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Benson J. Lossing, Pictorial Field Book of the Civil War. Volume 3., Chapter 22: prisoners.-benevolent operations during the War.--readjustment of National affairs.--conclusion. (search)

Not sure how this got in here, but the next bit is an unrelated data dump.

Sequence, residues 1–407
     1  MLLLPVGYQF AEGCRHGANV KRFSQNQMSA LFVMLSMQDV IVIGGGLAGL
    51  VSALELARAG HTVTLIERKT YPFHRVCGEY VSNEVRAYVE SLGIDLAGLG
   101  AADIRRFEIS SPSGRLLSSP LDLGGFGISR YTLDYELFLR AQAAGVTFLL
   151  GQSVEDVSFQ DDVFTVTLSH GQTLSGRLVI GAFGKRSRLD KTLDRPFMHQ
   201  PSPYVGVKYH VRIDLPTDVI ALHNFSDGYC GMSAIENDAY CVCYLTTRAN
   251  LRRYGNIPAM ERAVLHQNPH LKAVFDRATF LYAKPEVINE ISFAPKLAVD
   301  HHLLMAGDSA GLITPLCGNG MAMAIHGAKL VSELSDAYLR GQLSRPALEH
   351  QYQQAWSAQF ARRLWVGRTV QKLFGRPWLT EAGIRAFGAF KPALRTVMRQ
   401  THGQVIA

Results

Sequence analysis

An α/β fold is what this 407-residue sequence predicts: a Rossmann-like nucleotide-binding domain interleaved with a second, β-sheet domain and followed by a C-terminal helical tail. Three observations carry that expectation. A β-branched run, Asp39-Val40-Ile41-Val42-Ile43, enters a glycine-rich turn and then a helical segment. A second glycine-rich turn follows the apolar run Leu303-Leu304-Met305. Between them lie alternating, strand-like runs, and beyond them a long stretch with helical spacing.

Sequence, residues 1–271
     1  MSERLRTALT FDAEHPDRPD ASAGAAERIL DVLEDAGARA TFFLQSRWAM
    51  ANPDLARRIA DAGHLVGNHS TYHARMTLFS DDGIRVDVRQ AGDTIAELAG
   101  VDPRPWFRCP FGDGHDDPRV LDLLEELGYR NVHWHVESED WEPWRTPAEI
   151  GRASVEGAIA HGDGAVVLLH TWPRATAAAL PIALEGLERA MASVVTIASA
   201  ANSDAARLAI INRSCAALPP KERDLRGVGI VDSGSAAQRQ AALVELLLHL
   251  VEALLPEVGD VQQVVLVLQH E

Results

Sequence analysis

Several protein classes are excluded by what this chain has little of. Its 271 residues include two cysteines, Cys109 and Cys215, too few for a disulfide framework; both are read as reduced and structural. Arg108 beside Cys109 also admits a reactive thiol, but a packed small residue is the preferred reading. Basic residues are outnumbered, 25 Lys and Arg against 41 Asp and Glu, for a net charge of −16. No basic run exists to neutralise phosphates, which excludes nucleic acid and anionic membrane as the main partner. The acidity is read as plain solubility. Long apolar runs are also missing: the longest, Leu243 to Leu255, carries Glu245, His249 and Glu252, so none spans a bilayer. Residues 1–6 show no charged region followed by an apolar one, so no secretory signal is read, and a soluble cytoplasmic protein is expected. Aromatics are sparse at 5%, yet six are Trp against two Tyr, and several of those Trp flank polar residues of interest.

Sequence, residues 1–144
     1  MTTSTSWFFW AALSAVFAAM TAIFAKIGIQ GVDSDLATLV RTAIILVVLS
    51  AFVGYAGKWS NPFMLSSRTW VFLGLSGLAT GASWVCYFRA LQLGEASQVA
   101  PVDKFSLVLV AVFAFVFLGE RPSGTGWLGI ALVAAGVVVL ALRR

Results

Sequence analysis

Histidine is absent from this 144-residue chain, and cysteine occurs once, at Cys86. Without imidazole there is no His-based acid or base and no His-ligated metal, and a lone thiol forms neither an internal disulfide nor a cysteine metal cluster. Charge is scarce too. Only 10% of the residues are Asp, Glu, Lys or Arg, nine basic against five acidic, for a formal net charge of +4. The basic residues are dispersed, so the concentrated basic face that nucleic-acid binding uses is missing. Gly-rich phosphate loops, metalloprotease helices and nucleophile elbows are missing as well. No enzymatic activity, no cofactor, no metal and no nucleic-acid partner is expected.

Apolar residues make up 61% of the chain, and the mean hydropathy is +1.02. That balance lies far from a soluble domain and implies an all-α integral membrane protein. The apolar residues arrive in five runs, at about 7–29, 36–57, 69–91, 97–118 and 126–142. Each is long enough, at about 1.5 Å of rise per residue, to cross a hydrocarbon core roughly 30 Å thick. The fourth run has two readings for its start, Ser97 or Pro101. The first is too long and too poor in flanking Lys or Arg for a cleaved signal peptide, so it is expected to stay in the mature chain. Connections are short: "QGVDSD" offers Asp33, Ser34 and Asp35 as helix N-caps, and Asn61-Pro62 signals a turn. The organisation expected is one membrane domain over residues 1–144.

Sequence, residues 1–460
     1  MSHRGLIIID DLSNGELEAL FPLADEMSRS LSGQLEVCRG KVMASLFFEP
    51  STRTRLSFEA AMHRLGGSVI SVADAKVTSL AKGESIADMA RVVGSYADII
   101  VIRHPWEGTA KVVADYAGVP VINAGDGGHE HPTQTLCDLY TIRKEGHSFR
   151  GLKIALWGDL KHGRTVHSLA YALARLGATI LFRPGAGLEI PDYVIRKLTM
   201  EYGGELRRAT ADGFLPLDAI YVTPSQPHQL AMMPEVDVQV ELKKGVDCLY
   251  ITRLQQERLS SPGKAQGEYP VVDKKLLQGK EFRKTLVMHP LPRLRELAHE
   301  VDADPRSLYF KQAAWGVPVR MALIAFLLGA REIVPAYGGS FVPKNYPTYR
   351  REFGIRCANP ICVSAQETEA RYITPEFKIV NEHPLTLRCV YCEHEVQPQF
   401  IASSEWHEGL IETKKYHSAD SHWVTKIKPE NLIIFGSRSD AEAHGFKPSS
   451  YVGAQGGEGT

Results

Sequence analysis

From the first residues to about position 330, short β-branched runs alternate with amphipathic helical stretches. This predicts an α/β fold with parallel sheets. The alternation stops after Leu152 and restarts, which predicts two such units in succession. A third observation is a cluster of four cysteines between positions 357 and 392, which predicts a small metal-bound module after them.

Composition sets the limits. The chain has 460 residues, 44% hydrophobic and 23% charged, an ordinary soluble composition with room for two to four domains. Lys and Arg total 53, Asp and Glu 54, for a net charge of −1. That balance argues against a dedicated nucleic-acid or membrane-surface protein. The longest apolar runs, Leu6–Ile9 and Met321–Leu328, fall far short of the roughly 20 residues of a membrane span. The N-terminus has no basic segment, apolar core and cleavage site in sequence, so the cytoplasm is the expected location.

it is said of Howell Cobb, the commander of the District, by Captain W. S. Winder, son of the Confederate Commissary of prisoners. It comprisne trees, which would have made a grateful shade for the captives. Winder gave orders for them to be cut down. When a spectator ventured to ake it proper to present an abstract here. Suffice it to say, that Winder, with his son, nephew, Wirz, and others, performed their horrid tasufficient to be of real service. A clergyman (Mr. Davies) told General Winder what the women were about, and the latter promised to allow thein. Reed, with an oath, refused, and when told by Dr. Head that General Winder had authorized it, said that he did not believe it — that he wape around his neck. Driven from the office, the doctor went to General Winder, when the following conversation, reported by Mr. Spencer, occute men in full vigor — Ould exultingly declared, in a letter to General Winder, from City Point, where exchange had been resumed, in which he